84 85 GARDENS OWNERS CORP v. 84 12 AVENUE APARTMENT CORP

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84–85 GARDENS OWNERS CORP., respondent, v. 84–12 35th AVENUE APARTMENT CORP., appellant.

Decided: January 17, 2012

THOMAS A. DICKERSON, J.P., CHERYL E. CHAMBERS, L. PRISCILLA HALL, and ROBERT J. MILLER, JJ. Braverman & Associates, P.C., New York, N.Y. (Andreas E. Theodosiou and Tracy Peterson of counsel), for appellant. Michael B. Kramer, New York, N.Y. (Rubin Jay Ginsberg and Morgan Downer of counsel), for respondent.

In an action, inter alia, to permanently enjoin the defendant from trespassing on the plaintiff's property, the defendant appeals from an order of the Supreme Court, Queens County (Pineda–Kirwan, J.), entered June 8, 2011, which granted the plaintiff's motion for a preliminary injunction enjoining the defendant and its officers, agents, directors, contractors, and licensees from, among other things, “entering into or utilizing” the subject property during the pendency of the action, and set an undertaking in the sum of only $25,000 pursuant to CPLR 6312(b).

ORDERED that the order is affirmed, with costs.

To obtain a preliminary injunction, a movant must demonstrate, by clear and convincing evidence, (1) a likelihood of success on the merits, (2) irreparable injury absent a preliminary injunction, and (3) a balancing of the equities in the movant's favor (see CPLR 6301; Aetna Ins. Co. v. Capasso, 75 N.Y.2d 860, 862, 552 N.Y.S.2d 918, 552 N.E.2d 166; Arcamone–Makinano v. Britton Prop., Inc., 83 A.D.3d 623, 624, 920 N.Y.S.2d 362). The decision whether to grant or deny a preliminary injunction rests in the sound discretion of the Supreme Court (see Doe v. Axelrod, 73 N.Y.2d 748, 750, 536 N.Y.S.2d 44, 532 N.E.2d 1272; Rowland v. Dushin, 82 A.D.3d 738, 739, 917 N.Y.S.2d 702).

Here, the plaintiff demonstrated a likelihood of success on the merits on its trespass and private nuisance causes of action (see Poughkeepsie Gas Co. v. Citizens' Gas Co., 89 N.Y. 493; Arcamone–Makinano v. Britton Prop., Inc., 83 A.D.3d at 624, 920 N.Y.S.2d 362; 61 W. 62 Owners Corp. v. CGM EMP LLC, 77 A.D.3d 330, 906 N.Y.S.2d 549, mod 16 N.Y.3d 822, 921 N.Y.S.2d 184, 946 N.E.2d 172). The plaintiff also demonstrated the prospect of irreparable injury if the preliminary injunction was withheld (see Arcamone–Makinano v. Britton Prop., Inc., 83 A.D.3d at 624, 920 N.Y.S.2d 362). Furthermore, the balance of the equities tipped in the plaintiff's favor.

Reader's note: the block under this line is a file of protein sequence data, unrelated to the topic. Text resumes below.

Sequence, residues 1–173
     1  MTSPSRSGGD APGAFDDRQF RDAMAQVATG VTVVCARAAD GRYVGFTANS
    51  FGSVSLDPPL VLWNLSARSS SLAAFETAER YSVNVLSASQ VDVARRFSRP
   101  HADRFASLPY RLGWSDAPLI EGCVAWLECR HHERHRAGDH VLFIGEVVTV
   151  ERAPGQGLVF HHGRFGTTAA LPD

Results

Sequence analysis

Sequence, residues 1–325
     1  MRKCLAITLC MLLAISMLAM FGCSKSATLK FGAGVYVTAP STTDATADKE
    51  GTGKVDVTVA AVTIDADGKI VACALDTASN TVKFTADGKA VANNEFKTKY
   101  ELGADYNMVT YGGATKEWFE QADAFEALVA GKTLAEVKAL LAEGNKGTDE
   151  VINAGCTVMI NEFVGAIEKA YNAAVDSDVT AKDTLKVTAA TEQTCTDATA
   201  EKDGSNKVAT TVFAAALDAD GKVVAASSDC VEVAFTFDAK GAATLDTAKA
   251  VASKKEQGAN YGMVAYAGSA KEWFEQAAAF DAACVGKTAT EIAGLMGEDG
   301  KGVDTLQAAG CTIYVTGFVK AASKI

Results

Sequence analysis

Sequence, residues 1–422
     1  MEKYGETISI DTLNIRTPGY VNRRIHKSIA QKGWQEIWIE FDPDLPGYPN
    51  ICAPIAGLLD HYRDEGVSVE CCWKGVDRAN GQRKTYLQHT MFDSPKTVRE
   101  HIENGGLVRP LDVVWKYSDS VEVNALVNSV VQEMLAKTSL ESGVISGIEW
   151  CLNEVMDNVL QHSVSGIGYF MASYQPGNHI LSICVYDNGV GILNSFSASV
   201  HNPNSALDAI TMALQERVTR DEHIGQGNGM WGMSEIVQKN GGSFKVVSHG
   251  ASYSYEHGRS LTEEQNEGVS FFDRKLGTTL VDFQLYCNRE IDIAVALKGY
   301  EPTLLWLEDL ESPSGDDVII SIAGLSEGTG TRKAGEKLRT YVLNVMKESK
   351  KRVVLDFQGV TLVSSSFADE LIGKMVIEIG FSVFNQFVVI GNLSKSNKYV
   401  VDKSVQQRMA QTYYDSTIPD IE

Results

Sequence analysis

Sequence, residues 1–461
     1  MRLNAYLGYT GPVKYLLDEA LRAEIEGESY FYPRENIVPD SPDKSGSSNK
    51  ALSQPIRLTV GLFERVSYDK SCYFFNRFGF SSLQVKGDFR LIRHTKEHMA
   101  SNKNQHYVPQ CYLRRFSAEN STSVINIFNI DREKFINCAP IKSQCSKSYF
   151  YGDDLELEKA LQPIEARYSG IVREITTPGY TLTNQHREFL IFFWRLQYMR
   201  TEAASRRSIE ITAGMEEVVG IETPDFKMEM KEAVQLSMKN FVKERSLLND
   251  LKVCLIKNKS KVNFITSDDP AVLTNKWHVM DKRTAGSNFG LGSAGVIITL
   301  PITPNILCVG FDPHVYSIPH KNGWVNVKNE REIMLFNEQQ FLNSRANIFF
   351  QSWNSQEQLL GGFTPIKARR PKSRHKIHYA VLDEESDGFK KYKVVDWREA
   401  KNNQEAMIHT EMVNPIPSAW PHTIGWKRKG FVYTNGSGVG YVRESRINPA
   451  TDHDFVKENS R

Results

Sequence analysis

Accordingly, the Supreme Court providently exercised its discretion in granting the plaintiff's motion for a preliminary injunction and enjoining the defendant and its officers, agents, directors, contractors, and licensees from, among other things, “entering into or utilizing” the subject property during the pendency of the action. Contrary to the defendant's contention, any factual question raised as to the true ownership of the subject property was not, under the circumstances of this case, a sufficient reason to deny the motion for a preliminary injunction (see S.P.Q.R. Co., Inc. v. United Rockland Stairs, Inc., 57 AD3d 642).

CPLR 6312(b) directs the court to fix an undertaking in an amount that will compensate the defendant for damages incurred “by reason of the injunction,” in the event it is determined that the plaintiff was not entitled to the injunction (CPLR 6312[b]; Clover St. Assoc. v. Nilsson, 244 A.D.2d 312, 313, 665 N.Y.S.2d 537 [internal quotation marks omitted] ). The fixing of the amount of an undertaking is a matter within the sound discretion of the Supreme Court, and its determination will not be disturbed absent an improvident exercise of that discretion (see Ujueta v. Euro–Quest Corp., 29 A.D.3d 895, 896, 814 N.Y.S.2d 551).

Here, the Supreme Court providently exercised its discretion in directing the plaintiff to post an undertaking in the sum of only $25,000, as this amount was rationally related to the amount of potential damages the defendant established that it might sustain (see id. at 896, 814 N.Y.S.2d 551; Blueberries Gourmet v. Aris Realty Corp., 255 A.D.2d 348, 350, 680 N.Y.S.2d 557; Clover St. Assoc. v. Nilsson, 244 A.D.2d at 313).

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